Monday, 16 November 2020

HPS in 20 objects: Essay competition!

Calling all year 13 science students (and those who teach them):

The Leeds Centre for History and Philosophy of Science is excited to announce an essay competition, open to UK 6th form students. The winning essay will score a £100 prize. 

To enter, just visit our online exhibition 'HPS in 20 objects' and tell us, in 800 words, 'Which of our '20 objects' is the most important, and why?'

All entrants will receive a certificate and the chance to have their work featured on our website. The deadline is 5pm on monday 21st December, and winners will be announced in early January, before the UCAS deadline. More details can be found in the exhibition itself.

Please share the news!

Friday, 18 September 2020

University of Leeds History & Philosophy of Science Seminar Series (online), Semester 1 2020-21.



 History & Philosophy of Science Seminar Series

 Semester 1, 2020-21

Wednesdays, 3.15-5pm UK time

                                             All talks will be live streamed over TEAMS.

Email Dr Ellen Clarke  to get the link.


14 OCTOBER 2020

Ruben Verwaal (Durham): ‘Fluid Deafness: Earwax and Hardness of Hearing in Early Modern Science’

 28 OCTOBER 2020

Hayley Clatterbuck (Wisconsin-Madison): ‘Darwin's causal argument against creationism’

 11 NOVEMBER 2020

Pierre-Olivier Méthot (Université Laval):

‘Beyond Foucault’s Grip: Making Sense of François Jacob’s The Logic of Life’

 25 NOVEMBER 2020

Lena Zuchowski (Bristol): ‘What Kind of Models are Deep Learning Algorithms?’



Jimena Canales (Illinois): ‘Science and the History of Non-Existent Things’


Abstracts below


14 OCTOBER 2020

Ruben Verwaal (Durham): ‘Fluid Deafness: Earwax and Hardness of Hearing in Early Modern Science’

Abstract: This talk discusses hearing disability in early modern science and presents Enlightenment medicine as part of a profound shift in thinking about deafness. Scholars have already described changes in the social status of the deaf in eighteenth-century Europe, pointing at clerics’ sympathy for the deaf and philosophers’ fascination with gestures as the origin of language. Yet few historians have examined the growing interest in deafness by physicians. From the seventeenth century onwards, natural philosophers and physicians researched varieties in ear wax, discovered fluids in the Eustachian Tube and cochlea, and developed new theories about the propagation of sound waves via so-called fluid airs. This paper proposes that the renewed focus on the fluids brought about a new understanding of auditory perception, which reconstructed hearing and deafness not in terms of a dichotomy, but in terms of a grading scale.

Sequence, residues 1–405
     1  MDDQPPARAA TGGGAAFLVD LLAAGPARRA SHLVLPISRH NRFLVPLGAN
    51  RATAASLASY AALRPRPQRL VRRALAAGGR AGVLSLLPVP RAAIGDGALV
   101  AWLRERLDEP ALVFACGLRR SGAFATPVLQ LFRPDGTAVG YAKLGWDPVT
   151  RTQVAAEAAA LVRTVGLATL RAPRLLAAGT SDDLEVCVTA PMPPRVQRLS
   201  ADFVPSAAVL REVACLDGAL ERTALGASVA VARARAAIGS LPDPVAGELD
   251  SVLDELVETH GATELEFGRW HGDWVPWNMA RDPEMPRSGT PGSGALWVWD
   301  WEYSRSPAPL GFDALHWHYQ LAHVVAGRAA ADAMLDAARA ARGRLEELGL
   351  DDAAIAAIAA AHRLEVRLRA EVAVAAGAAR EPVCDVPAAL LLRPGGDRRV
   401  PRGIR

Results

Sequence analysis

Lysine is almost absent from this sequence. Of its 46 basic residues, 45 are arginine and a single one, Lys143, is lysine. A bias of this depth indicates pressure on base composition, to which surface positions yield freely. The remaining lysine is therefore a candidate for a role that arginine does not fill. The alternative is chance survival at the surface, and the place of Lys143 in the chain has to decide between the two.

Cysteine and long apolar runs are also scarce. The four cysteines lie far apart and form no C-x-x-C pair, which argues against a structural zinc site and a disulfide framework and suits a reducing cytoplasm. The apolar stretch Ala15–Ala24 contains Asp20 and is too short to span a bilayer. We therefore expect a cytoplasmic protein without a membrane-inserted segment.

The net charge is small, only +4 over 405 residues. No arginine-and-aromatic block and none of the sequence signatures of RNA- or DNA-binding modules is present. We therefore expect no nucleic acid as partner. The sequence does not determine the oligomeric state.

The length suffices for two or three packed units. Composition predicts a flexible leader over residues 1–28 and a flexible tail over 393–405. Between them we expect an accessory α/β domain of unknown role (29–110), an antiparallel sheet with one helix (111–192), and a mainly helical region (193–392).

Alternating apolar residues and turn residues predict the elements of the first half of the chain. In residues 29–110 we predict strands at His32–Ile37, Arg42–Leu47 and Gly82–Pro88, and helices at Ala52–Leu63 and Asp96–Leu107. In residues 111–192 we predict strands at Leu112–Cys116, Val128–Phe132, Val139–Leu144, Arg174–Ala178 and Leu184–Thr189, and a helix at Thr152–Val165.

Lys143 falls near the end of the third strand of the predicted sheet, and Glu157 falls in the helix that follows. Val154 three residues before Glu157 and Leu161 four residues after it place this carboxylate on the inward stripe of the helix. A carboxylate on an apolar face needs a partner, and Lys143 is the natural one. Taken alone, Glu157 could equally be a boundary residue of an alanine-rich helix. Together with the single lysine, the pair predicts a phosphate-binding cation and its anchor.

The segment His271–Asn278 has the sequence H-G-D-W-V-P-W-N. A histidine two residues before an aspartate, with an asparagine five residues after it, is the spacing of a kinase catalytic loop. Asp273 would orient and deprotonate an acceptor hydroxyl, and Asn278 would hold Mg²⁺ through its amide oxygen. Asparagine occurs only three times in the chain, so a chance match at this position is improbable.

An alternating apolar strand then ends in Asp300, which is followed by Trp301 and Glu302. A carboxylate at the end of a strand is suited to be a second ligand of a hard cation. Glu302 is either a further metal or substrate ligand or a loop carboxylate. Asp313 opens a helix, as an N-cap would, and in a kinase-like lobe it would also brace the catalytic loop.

28 OCTOBER 2020

Hayley Clatterbuck (Wisconsin-Madison): ‘Darwin's causal argument against creationism’

Abstract: In the Origin of Species, Darwin vacillates between two incompatible lines of attack on special creationism. At times, he argues that functionless traits are evidence against special creation, as we would expect a designer to create traits that are useful for their possessors. At other times, Darwin argues that special creationism is explanatorily vacuous, for any possible observation is compatible with some putative intention of the designer. However, in later works, Darwin turns to an argument against creationism—and indeed, against the possibility of design in nature more generally—that he finds much more compelling. He argues that the variations which arise are random with respect to fitness and hence there is no designer. I will examine why Darwin found this argument much more compelling than the ones in the Origin and will suggest that it is because it can be made from general causal principles alone, rather than having to reason about the intentions or capacities of a creator. I will use tools from today’s causal modeling frameworks to examine whether and why this argument from random variation succeeds.

 11 NOVEMBER 2020

Pierre-Olivier Méthot (Université Laval): ‘Beyond Foucault’s Grip: Making Sense of François Jacob’s The Logic of Life’